Public service vehicles widely used by commuters in Kenya are expected to implement a cashless electronic payment system that will allow passengers pay electronically according to a government gazette.
The new electronic fare payment means Kenya public transport operations will be cashless, a move embraced by some but being opposed by others.
As per the Operation of Public Service Vehicles (PSVs) Regulations 2013, the public service vehicles comprising of Matatus, buses and taxis will have to use a cashless payment system unlike currently where passengers pay the fare using cash. The new electronic payment system in Kenya will require passengers to get pre-paid cards or use mobile money and that it shall be illegal to operate PSVs without the cashless payment system.
The cash-payment machine
Expected benefits from the Matatu cashless payment system in Kenya
According to the government, these measures will revolutionize the public transport industry and also ensure convenience, security, and accountability all at once in the sector. Transport Cabinet Secretary Kamau said the move is part of reforms being instituted in the transport sector to improve and entrench self-regulation by the operators. The system will help tackle corruption with traffic police who insist cash bribes if the PSVs flout traffic rules. It will also enable the Kenya Revenue Authority (KRA) to collect increased taxes from the industry due to increased transparency.
The onboard payment machine in bus
Simon Kimutai, Chairman at Matatu Owners Association added that matatu owners have for a while endured theft by PSV crews due to a lack of an accounting system since most PSVs do not issue a receipt to passengers indicating what they have paid.
The sector’s regulator has said that adoption of the cashless technology will be gradual so as not to inconvenience many Kenyans who are not accustomed to electronic payment.
Failure to comply with this regulation will see the operators or drivers risk being fined KES 50,000, imprisonment for one year, or both. The Authority may also cancel operator and drivers licenses for being non-compliant.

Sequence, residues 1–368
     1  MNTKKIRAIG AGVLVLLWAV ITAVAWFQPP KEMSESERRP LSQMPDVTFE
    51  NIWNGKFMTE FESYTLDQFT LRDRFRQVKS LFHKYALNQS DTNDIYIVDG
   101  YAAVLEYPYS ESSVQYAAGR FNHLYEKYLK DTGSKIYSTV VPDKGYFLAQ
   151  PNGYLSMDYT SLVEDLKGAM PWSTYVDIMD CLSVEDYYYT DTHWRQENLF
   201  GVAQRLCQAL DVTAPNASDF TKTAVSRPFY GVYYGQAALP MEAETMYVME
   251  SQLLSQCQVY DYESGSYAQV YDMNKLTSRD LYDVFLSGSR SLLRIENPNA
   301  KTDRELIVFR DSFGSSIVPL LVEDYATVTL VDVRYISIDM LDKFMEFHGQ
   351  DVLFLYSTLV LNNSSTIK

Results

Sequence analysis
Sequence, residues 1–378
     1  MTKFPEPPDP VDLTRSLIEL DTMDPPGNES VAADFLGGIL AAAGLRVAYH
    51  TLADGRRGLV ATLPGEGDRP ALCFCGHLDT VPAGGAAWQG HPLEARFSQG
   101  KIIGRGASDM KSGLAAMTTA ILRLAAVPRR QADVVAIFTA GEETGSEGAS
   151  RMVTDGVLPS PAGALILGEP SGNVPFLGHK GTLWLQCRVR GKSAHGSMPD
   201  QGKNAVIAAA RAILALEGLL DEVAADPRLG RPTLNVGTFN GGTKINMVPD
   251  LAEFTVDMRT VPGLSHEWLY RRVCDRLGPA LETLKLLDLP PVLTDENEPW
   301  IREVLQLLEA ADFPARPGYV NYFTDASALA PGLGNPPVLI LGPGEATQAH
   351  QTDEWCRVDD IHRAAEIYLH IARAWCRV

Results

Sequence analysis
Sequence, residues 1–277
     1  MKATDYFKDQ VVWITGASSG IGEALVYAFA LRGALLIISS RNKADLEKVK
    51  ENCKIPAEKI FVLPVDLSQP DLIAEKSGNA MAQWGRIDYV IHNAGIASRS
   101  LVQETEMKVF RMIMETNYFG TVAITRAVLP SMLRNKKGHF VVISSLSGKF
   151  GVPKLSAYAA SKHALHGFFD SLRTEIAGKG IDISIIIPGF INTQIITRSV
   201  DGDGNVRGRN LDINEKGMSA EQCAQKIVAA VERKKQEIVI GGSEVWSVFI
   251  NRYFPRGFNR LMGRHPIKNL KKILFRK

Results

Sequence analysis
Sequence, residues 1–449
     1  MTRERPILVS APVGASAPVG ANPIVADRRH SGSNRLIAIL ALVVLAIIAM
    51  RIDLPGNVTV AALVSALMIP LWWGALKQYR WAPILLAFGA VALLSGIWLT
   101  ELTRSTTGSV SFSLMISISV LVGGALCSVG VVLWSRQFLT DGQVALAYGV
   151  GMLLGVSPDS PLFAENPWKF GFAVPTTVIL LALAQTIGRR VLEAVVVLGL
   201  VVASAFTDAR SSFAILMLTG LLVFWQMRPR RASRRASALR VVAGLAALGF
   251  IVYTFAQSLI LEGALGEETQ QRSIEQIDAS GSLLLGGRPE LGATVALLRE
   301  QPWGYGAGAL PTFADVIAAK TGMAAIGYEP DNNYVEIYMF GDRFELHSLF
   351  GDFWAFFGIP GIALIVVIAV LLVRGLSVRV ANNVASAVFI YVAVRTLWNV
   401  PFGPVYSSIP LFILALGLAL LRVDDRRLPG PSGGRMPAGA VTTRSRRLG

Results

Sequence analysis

Companies offering cashless payment systems in Kenya
A number of firms have already rolled out the system which includes M-pesa where a passenger transaction is sent to Paybill with the business number and amount credited to the respective recipient’s account. Bebapay is a free top up card that a passenger taps on a device and the service is independent of telecoms, topping up is done through Equity Bank, Bebapay agents and Tellers.
At the moment, the Bebapay card from Equity bank will no longer be usable after one of the investors, the Google, pulled out of the deal. It is not yet clear on whether they will replace with another one but customers who had balances in their Bebapay cards have been advised to use utilize any remaining balance or get the balance transferred to a new Masters Card.
Others are Visa by Equity bank, and the passenger will only be required to tap their chip-based Visa card on a mobile phone or gadget to make payment. “MY 1963” card by Matatu Owners Association and Matatu Welfare Association will see a point of sale [POS] terminal installed in “MY 1963” compliant PSVs.
Abiria card by Kenya Commercial Bank, Master Card and Kenya Bus Services uses near field technology (NFC) and passenger taps the card onto a gadget. Pesapal pays using either mobile money, a credit card or an online wallet on Pesapal’s website.
It is hoped that the once implementation of the new cashless payment system will help streamline the Matatu industry, eliminate corruption in the PSV industry and ease collection of taxes from the public service vehicle operators.
Would you welcome such an innovation in your country especially those who use public transport, and why?